I noted the introduction of the new BBC editorial guidelines previously.. Now, in the aftermath of the terrorist attack on London, one guideline in particular has caused controversy. The Guardian Newsblog noted some of the issues raised about the BBC re-editing reports, while Harry’s Place had an excellent piece on the accusations of bias. In yesterday’s Observer, Nick Cohen argues persuasively, also referencing Norman Geras on the topic, that the BBC guidelines will result in “castrated language which has been emptied of precise meaning.”
The BBC guideline on Terror in full –
We must report acts of terror quickly, accurately, fully and responsibly. Our credibility is undermined by the careless use of words which carry emotional or value judgements. The word “terrorist” itself can be a barrier rather than an aid to understanding. We should try to avoid the term, without attribution. We should let other people characterise while we report the facts as we know them.
We should not adopt other people’s language as our own. It is also usually inappropriate to use words like “liberate”, “court martial” or “execute” in the absence of a clear judicial process. We should convey to our audience the full consequences of the act by describing what happened. We should use words which specifically describe the perpetrator such as “bomber”, “attacker”, “gunman”, “kidnapper”, “insurgent, and “militant”. Our responsibility is to remain objective and report in ways that enable our audiences to make their own assessments about who is doing what to whom.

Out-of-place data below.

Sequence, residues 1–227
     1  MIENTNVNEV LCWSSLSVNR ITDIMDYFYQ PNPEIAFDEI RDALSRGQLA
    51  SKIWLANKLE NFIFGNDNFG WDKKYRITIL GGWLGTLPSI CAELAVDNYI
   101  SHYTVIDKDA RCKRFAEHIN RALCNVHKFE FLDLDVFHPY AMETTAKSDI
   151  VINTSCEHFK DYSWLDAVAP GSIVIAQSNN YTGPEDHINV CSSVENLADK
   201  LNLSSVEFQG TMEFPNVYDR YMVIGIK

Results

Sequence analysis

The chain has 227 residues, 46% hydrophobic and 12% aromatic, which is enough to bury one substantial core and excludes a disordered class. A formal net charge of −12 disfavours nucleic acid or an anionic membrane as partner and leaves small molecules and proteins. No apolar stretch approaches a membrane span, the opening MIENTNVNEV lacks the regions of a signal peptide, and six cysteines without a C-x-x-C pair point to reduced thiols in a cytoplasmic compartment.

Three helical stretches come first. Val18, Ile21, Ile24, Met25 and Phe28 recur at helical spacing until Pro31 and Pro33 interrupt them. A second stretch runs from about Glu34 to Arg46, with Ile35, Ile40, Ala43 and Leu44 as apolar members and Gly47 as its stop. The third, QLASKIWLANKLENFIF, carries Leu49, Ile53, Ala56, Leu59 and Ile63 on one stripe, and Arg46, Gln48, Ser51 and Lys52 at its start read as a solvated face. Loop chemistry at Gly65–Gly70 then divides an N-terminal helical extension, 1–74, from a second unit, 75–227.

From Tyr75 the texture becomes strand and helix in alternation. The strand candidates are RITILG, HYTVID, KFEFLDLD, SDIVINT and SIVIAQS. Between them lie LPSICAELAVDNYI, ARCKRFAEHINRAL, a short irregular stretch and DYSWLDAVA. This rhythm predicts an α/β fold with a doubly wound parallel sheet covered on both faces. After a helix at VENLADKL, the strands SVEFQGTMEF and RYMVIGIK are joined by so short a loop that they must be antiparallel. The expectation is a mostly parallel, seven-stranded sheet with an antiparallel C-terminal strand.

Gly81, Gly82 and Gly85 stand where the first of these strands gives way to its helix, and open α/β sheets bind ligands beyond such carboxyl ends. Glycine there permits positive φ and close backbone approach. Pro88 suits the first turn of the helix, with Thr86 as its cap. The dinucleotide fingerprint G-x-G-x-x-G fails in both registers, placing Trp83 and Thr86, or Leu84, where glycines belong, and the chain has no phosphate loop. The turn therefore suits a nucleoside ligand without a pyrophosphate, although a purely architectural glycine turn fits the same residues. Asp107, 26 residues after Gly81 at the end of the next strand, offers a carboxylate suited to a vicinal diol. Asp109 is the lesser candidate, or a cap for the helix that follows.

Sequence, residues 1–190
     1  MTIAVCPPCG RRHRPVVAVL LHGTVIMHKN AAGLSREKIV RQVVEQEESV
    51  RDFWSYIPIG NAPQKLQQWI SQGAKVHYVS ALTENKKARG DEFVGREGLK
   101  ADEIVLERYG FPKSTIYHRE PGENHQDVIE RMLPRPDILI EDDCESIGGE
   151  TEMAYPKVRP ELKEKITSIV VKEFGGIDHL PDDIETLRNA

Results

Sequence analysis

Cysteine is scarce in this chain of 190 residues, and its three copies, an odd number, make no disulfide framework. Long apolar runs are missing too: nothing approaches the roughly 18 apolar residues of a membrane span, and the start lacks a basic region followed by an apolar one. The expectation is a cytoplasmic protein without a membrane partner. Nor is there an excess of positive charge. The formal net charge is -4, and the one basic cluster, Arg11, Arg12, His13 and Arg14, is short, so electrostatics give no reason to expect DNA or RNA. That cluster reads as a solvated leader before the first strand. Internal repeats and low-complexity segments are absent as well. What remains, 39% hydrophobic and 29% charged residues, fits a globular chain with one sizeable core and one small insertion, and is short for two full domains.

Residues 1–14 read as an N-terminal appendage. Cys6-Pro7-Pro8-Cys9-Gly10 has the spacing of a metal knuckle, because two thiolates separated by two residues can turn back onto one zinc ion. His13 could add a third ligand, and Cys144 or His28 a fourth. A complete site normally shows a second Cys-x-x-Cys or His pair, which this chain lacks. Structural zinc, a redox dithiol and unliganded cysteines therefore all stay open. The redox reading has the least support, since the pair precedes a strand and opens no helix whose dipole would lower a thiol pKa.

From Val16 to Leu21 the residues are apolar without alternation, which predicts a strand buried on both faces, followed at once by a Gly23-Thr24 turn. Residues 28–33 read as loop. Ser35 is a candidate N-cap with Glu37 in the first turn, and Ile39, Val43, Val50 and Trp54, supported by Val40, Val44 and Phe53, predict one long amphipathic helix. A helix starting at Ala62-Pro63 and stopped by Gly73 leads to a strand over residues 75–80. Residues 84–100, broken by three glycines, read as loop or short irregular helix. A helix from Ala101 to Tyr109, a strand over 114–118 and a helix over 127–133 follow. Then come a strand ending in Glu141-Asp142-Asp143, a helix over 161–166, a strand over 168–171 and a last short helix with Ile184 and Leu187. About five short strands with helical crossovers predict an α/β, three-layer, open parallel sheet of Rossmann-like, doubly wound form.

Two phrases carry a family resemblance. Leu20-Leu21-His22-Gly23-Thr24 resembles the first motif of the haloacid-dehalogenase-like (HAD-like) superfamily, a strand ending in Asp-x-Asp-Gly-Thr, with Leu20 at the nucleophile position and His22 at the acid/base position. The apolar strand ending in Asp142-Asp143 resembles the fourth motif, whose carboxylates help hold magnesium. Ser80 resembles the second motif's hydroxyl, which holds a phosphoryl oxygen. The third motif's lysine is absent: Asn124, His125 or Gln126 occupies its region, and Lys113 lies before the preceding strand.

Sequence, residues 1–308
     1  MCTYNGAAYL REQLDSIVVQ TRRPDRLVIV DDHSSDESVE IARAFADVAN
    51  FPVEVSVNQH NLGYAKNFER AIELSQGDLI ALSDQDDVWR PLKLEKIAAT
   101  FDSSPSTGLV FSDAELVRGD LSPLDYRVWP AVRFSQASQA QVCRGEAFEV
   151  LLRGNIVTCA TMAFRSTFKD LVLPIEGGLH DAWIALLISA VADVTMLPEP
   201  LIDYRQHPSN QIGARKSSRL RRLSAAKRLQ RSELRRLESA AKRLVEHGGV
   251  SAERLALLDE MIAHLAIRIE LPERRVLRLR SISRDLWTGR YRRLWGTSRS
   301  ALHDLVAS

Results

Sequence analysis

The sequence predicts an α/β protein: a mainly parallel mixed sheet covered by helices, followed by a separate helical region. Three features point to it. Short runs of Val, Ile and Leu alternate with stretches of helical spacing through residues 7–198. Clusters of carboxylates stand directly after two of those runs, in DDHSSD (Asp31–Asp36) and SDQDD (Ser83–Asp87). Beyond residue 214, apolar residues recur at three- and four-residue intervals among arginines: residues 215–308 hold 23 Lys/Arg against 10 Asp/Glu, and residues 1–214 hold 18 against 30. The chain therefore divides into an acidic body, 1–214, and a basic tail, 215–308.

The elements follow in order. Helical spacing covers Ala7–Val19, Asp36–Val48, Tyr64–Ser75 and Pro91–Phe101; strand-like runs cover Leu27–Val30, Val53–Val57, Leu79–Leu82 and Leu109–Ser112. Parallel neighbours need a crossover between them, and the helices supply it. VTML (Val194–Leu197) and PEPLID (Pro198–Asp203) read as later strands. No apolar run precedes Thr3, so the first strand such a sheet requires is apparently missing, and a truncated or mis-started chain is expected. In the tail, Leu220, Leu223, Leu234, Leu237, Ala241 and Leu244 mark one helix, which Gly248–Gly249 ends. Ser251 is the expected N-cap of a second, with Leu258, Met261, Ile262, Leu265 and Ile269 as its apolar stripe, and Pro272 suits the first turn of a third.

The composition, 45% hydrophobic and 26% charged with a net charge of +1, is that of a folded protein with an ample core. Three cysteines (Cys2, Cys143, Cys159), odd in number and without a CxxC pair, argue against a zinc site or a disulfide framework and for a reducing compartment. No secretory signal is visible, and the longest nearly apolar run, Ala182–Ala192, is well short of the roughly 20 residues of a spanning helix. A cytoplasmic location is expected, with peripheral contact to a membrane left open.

The head of BBC Television News, Roger Mosey, writing in the Guardian last week, defended the corporation against the accusations, and on the use of the word terrorist wrote this –
Then there has been a controversy about our use of language – particularly the question of whether the BBC banned the word “terrorist”. There is no ban. It’s true the word is contentious in some contexts on our international services, hence the recommendation that it be employed with care. But we have used and will continue to use the words terror, terrorism and terrorist – as we did in all our flagship bulletins from Thursday.
Except that the guidelines state – “We should try to avoid the term, without attribution.”.. i.e. they will use it.. if they can quote someone else saying it.